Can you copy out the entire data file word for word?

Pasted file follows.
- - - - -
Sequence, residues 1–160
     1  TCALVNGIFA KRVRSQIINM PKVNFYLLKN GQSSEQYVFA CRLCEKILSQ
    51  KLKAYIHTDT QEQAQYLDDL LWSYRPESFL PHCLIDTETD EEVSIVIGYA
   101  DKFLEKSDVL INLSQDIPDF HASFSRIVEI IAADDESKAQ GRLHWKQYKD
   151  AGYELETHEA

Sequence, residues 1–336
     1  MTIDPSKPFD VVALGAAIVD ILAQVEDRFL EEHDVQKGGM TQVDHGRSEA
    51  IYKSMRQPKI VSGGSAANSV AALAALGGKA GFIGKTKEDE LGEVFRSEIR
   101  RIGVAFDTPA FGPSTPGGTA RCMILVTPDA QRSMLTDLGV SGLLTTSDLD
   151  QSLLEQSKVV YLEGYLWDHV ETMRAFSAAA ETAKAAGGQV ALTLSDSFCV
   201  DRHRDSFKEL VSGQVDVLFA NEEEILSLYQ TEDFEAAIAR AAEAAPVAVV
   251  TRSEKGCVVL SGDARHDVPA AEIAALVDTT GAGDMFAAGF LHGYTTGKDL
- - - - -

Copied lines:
Sequence, residues 1–160
     1  TCALVNGIFA KRVRSQIINM PKVNFYLLKN GQSSEQYVFA CRLCEKILSQ
    51  KLKAYIHTDT QEQAQYLDDL LWSYRPESFL PHCLIDTETD EEVSIVIGYA
   101  DKFLEKSDVL INLSQDIPDF HASFSRIVEI IAADDESKAQ GRLHWKQYKD
   151  AGYELETHEA

Sequence, residues 1–336
     1  MTIDPSKPFD VVALGAAIVD ILAQVEDRFL EEHDVQKGGM TQVDHGRSEA
    51  IYKSMRQPKI VSGGSAANSV AALAALGGKA GFIGKTKEDE LGEVFRSEIR
   101  RIGVAFDTPA FGPSTPGGTA RCMILVTPDA QRSMLTDLGV SGLLTTSDLD
   151  QSLLEQSKVV YLEGYLWDHV ETMRAFSAAA ETAKAAGGQV ALTLSDSFCV
   201  DRHRDSFKEL VSGQVDVLFA NEEEILSLYQ TEDFEAAIAR AAEAAPVAVV
   251  TRSEKGCVVL SGDARHDVPA AEIAALVDTT GAGDMFAAGF LHGYTTGKDL